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Why Ted Cruz Could Win in 2016

The freshman senator's charm and cunning combine a grassroots insurgent image with well-funded establishment connections.
Ted Cruz smiles

The following assertion may not seem immediately intuitive, but I believe it to be true: Ted Cruz is the current front-runner for the 2016 Republican presidential nomination.

First, I would implore all readers to watch a full Ted Cruz speech if he or she has not already. The man is simply a performative marvel. He manages to strike some sort of preternatural balance between fiery Southern Baptist sermon and stand-up comedy routine, invariably bringing crowds to their feet. In the era of the tweet-sized soundbite, Ted Cruz’s mastery of the one-liner and the pun are not trivial; they are integral to his success.

The only other potential candidate who holds a candle to Cruz in this regard is Chris Christie, who I wrote earlier this year still stood a fighting chance to acquire the nomination. I no longer believe this to be the case. Christie established a national profile early in his gubernatorial tenure on the strength of his attractively brash personality, and was well-positioned to marshal that into an extremely credible bid for 2016. Now, however, it appears he may not even end up running. (Though I don’t discount his chances completely.)

For all the partisan brouhaha associated with “Bridge-gate,” it looks increasingly like there was in fact serious malfeasance involved, and that malfeasance may directly implicate Christie. A report in the Bergen Record from September 4 revealed that low-level Port Authority Police officers, incensed the morning of the bridge lane closures about potentially catastrophic security problems, were ordered over police radio frequencies to “shut up” by high-level Police commanders. David Wildstein—Christie’s longtime ally, childhood associate, and formerly anonymous progenitor of the influential PolitickerNJ gossip website—was also observed surveying the scene that morning in a car driven by another childhood friend of both Christie and Wildstein, Police Lt. Thomas “Chip” Michaels. The idea that Christie had no knowledge of the plot now strains credulity such that he is virtually disqualified for the purposes of 2016.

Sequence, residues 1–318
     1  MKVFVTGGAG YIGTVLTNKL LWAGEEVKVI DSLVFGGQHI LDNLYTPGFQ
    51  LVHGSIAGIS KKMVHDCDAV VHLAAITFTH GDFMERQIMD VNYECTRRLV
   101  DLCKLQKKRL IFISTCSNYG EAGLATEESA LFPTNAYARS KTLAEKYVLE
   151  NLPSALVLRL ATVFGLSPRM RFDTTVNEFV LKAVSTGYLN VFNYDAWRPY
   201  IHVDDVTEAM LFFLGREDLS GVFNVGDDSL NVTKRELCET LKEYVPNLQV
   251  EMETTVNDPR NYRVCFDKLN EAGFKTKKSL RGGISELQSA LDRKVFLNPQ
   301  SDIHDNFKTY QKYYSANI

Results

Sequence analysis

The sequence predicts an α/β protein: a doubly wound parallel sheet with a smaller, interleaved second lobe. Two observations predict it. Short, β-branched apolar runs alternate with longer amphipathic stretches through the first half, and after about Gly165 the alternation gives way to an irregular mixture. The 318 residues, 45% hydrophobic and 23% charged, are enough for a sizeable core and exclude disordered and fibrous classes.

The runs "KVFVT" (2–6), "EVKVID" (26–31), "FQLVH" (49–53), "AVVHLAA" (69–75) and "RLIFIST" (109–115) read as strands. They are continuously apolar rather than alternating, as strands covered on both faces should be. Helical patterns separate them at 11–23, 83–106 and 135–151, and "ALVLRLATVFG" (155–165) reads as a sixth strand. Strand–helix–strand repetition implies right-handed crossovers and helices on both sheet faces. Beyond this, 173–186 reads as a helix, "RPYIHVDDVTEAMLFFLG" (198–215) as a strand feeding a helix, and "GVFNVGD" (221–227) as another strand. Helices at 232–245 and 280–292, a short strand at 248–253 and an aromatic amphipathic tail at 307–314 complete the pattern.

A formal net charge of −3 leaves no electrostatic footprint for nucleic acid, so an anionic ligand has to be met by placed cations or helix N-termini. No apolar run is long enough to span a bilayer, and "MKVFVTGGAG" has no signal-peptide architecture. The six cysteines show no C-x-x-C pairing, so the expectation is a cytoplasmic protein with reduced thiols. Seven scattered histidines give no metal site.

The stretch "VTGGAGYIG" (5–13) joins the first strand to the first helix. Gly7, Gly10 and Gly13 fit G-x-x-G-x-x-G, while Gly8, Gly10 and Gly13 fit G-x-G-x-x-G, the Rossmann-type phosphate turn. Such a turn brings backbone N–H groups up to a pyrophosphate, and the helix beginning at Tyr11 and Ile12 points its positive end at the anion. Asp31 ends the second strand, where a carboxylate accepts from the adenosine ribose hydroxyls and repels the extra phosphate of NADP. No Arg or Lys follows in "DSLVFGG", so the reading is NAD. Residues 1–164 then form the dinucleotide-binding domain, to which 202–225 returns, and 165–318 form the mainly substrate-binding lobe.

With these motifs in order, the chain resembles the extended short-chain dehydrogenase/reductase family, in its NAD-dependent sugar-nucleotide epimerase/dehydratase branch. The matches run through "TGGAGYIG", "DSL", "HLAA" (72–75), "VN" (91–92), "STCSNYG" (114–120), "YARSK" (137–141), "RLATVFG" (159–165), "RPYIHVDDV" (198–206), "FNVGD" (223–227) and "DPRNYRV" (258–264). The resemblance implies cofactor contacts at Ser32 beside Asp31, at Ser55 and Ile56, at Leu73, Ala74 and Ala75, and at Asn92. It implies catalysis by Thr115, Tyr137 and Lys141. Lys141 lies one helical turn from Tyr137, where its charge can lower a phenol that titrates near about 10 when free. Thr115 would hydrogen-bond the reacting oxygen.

The establishment Republican donor class seems to have acknowledged this. A clear subtext of Byron York’s Washington Examiner article last week on the new flurry of chatter about a potential Mitt Romney 2016 candidacy shows that the establishment has all but abandoned Christie. (York also conducted an informal poll of his Twitter followers about their favored 2016 candidate, and found that zero—literally, zero—had a preference for Christie).

It would not be a total shock if Christie gets indicted in the near future. It also seems highly likely that his close ally Gov. Andrew Cuomo, Democrat of New York, possesses some kind of “smoking gun” evidence implicating Christie in Bridgegate, given their shared jurisdiction over the Port Authority bi-state agency. The Wall Street Journal reported in December 2013 that Christie personally phoned Cuomo for still-undisclosed reasons pertaining to the issue. What was the nature of that phone call? We still don’t know. We do know, however, that at a press conference last week on the alleged terror threat facing the New Jersey-New York region, a reporter asked Christie whether any protocols had been put in place to prevent another dangerous security incident, like what occurred on September 11, 2013 as a result of the bridge lane closures. Comically, Cuomo himself intervened as a salve, rattling off a boilerplate non-answer; the two then walked off without saying anything further. Christie looked like a deer in the headlights.